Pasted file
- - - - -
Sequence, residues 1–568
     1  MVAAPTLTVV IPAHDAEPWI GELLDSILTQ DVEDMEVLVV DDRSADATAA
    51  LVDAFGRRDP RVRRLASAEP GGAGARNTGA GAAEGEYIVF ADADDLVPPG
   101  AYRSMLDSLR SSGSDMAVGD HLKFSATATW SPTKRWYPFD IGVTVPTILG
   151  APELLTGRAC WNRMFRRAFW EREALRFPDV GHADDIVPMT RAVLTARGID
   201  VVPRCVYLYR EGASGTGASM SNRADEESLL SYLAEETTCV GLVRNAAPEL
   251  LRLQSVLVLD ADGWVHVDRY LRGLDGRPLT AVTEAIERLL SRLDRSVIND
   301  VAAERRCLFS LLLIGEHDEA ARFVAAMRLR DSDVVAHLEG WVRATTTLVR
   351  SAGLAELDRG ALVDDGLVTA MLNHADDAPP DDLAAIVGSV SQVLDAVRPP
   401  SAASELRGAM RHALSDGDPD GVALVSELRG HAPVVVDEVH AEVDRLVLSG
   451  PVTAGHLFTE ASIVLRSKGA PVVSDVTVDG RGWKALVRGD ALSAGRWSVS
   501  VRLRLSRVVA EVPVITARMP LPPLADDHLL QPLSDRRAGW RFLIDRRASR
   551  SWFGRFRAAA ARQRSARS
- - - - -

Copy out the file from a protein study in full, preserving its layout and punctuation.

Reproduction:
Sequence, residues 1–568
     1  MVAAPTLTVV IPAHDAEPWI GELLDSILTQ DVEDMEVLVV DDRSADATAA
    51  LVDAFGRRDP RVRRLASAEP GGAGARNTGA GAAEGEYIVF ADADDLVPPG
   101  AYRSMLDSLR SSGSDMAVGD HLKFSATATW SPTKRWYPFD IGVTVPTILG
   151  APELLTGRAC WNRMFRRAFW EREALRFPDV GHADDIVPMT RAVLTARGID
   201  VVPRCVYLYR EGASGTGASM SNRADEESLL SYLAEETTCV GLVRNAAPEL
   251  LRLQSVLVLD ADGWVHVDRY LRGLDGRPLT AVTEAIERLL SRLDRSVIND
   301  VAAERRCLFS LLLIGEHDEA ARFVAAMRLR DSDVVAHLEG WVRATTTLVR
   351  SAGLAELDRG ALVDDGLVTA MLNHADDAPP DDLAAIVGSV SQVLDAVRPP
   401  SAASELRGAM RHALSDGDPD GVALVSELRG HAPVVVDEVH AEVDRLVLSG
   451  PVTAGHLFTE ASIVLRSKGA PVVSDVTVDG RGWKALVRGD ALSAGRWSVS
   501  VRLRLSRVVA EVPVITARMP LPPLADDHLL QPLSDRRAGW RFLIDRRASR
   551  SWFGRFRAAA ARQRSARS